Fibromyalgia (the name of which stems from the words “muscle pain”) is considered an arthritis-related disease, though it does not directly impact the joints. It is typically characterized by long-lasting, widespread pain throughout the body, and chronic fatigue. Approximately two percent of the population suffers from this disorder.
The symptoms of fibromyalgia are both many and varied, although some are more commonly experienced than others. Fibromyalgia pain is commonly experienced in soft tissues, such as muscles and tendons.
It can vary from mild to severe pain, and is often described as aching or throbbing, although sharp pain can also be experienced. Even the facial muscles can be chronically impacted by pain from this disease.
Diagnosis is in part dependent upon the identification of “tender points” – which are different from the “trigger points” associated with other disorders.
Tender points, a common fibromyalgia symptom, are specific areas of the body where even slight pressure elicits a pain response. These eighteen body parts, as listed in the diagnostic criteria, include the back of the head, the sides of the front of the neck, and the outside of the elbows, among other areas.
Tender points can be distinguished as such by the fact that the pain in these areas does not typically radiate, nor is it elicited without mechanical pressure on that specific part of the body.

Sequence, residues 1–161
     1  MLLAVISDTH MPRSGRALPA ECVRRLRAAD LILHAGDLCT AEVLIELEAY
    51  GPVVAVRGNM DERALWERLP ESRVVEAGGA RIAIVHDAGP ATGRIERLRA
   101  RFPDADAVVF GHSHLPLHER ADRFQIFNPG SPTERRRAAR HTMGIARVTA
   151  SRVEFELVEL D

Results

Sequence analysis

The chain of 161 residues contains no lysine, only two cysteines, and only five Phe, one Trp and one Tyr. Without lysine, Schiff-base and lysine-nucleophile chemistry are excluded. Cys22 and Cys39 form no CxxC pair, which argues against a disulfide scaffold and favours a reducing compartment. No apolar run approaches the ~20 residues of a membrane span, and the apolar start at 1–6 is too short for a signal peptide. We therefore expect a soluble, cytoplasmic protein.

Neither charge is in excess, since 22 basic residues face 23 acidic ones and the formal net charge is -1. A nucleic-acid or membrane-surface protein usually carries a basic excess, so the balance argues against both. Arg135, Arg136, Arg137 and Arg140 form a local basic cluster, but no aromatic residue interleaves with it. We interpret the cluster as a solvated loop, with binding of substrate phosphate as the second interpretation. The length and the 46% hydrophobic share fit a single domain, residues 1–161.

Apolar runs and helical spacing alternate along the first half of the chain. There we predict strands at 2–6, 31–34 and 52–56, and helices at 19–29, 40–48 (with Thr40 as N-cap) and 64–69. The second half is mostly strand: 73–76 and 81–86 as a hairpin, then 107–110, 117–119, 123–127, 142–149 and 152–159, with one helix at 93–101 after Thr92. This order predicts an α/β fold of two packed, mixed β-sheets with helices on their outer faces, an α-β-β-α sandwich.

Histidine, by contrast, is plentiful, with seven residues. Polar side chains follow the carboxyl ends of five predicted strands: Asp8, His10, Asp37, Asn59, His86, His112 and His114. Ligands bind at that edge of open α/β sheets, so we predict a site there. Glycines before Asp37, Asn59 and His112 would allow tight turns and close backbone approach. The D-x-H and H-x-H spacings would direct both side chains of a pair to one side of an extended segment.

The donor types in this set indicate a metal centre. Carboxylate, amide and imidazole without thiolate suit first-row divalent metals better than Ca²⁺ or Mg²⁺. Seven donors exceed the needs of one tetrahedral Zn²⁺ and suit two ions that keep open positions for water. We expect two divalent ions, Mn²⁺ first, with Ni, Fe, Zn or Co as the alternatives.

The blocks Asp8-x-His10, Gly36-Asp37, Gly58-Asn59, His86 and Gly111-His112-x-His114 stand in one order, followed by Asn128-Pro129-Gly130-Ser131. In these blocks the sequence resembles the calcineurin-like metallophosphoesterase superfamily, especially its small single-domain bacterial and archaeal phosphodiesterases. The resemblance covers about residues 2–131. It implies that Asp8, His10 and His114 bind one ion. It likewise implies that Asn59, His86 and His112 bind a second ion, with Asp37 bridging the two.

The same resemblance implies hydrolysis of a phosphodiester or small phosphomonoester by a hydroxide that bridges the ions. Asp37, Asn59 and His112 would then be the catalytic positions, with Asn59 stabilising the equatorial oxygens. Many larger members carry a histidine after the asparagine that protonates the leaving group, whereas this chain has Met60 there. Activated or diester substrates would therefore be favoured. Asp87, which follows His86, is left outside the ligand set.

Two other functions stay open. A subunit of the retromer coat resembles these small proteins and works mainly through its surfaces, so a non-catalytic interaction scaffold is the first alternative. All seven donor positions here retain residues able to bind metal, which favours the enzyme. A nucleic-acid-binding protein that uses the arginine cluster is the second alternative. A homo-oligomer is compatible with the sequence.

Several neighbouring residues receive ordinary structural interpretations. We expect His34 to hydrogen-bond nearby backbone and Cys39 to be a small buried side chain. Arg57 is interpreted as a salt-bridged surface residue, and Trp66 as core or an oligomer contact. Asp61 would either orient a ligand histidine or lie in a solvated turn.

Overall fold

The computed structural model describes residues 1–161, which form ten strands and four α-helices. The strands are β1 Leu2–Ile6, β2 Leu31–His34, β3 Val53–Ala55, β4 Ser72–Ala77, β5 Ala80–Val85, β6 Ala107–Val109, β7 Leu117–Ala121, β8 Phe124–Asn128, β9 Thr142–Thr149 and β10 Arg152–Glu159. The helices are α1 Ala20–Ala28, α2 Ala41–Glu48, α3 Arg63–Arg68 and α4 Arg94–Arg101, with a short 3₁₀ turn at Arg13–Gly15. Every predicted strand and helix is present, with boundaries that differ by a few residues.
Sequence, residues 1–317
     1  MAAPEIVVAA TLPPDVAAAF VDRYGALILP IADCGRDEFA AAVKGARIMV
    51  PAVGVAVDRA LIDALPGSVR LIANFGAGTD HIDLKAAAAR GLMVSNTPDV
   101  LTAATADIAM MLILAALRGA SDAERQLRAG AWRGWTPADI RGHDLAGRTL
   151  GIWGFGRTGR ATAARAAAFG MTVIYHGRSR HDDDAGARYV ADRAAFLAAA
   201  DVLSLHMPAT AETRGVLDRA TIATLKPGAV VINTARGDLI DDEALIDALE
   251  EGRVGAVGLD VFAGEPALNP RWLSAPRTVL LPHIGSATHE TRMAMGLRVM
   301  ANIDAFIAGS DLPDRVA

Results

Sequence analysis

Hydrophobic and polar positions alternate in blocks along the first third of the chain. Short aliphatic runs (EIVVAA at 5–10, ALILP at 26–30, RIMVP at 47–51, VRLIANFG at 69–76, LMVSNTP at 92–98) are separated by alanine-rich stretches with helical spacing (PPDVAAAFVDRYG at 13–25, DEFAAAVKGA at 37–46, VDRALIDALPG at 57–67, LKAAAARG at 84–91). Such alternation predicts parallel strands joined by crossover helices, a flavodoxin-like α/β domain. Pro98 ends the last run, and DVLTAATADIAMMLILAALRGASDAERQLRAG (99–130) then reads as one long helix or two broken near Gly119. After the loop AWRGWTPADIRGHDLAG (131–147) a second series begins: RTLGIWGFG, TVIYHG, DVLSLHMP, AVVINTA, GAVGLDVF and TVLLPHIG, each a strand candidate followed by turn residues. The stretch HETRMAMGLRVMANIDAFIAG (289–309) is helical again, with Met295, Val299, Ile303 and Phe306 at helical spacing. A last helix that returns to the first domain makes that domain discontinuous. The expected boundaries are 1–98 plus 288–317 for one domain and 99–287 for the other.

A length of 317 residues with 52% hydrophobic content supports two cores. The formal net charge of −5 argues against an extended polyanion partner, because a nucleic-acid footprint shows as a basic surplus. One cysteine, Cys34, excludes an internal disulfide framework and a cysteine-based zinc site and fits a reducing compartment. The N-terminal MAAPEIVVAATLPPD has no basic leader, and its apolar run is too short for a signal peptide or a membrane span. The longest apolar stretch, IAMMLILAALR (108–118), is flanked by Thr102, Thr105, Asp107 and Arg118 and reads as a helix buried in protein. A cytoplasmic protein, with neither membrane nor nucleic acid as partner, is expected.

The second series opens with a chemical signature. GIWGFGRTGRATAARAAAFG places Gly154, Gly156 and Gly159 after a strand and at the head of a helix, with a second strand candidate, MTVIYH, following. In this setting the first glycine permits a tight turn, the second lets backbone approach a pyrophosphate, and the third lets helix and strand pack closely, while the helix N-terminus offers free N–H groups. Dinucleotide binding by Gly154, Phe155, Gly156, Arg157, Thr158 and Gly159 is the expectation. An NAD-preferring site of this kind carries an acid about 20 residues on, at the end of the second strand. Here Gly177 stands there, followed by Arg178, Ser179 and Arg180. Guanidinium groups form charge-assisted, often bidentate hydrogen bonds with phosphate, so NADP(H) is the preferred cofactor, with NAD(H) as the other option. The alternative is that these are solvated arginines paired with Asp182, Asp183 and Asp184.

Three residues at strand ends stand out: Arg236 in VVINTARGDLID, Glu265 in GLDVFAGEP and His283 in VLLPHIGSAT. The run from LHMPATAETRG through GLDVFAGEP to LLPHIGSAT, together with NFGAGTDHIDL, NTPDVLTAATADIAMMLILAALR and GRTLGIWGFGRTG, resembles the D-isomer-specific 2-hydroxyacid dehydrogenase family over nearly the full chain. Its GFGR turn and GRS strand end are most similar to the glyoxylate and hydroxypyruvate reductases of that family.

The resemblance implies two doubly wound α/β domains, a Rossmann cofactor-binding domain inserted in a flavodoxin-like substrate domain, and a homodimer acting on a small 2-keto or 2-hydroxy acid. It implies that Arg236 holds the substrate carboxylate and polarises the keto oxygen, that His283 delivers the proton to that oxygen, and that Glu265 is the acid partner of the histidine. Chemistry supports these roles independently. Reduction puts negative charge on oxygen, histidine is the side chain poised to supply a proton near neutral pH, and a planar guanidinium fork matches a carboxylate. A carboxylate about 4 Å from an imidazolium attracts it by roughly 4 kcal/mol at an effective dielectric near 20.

The fatigue commonly associated with fibromyalgia is long-lasting and often described as debilitating exhaustion. It can be present upon waking in the morning and last throughout the day. Even with a full night’s sleep, the fibromyalgia patient often suffers from this symptom. All the same, doctors believe a full night’s sleep is critically important to the fibromyalgia patient.
Some doctors posit that fibromyalgia’s common coexistence with fatigue, sleep disturbances, and restless leg syndrome may be the answer to its cause, which is currently unknown. They believe that lack of sleep may cause the disorder itself, rather than being merely a symptom of it; they believe fibromyalgia sufferers may never truly experience the state of deep sleep that allows us to rest and our bodies to recharge.
Other symptoms associated with fibromyalgia include headaches, numbness and tingling, and, sometimes, morning stiffness. Some disorders that commonly coexist with fibromyalgia include rheumatoid arthritis, systemic lupus erythematosus (commonly called SLE or lupus), endometriosis, irritable bowel syndrome, depression, and anxiety.
Fibromyalgia symptoms may come and go – even improving or worsening during specific parts of the day. Symptoms may also worsen (dependent upon the individual) in response to weather changes, stress, or exertion; clearly, the causes of this kind of exacerbation can vary widely.
Like the autoimmune disorders lupus and rheumatoid arthritis, fibromyalgia is more common in women than in men. It is commonly preceded by a traumatic or stressful life event or illness, although this is not always the case. There are theories that the trigger for this condition may be a virus or some other disease, but there is, as of yet, no proof to support this theory.
Written By: Updated: June 28,2011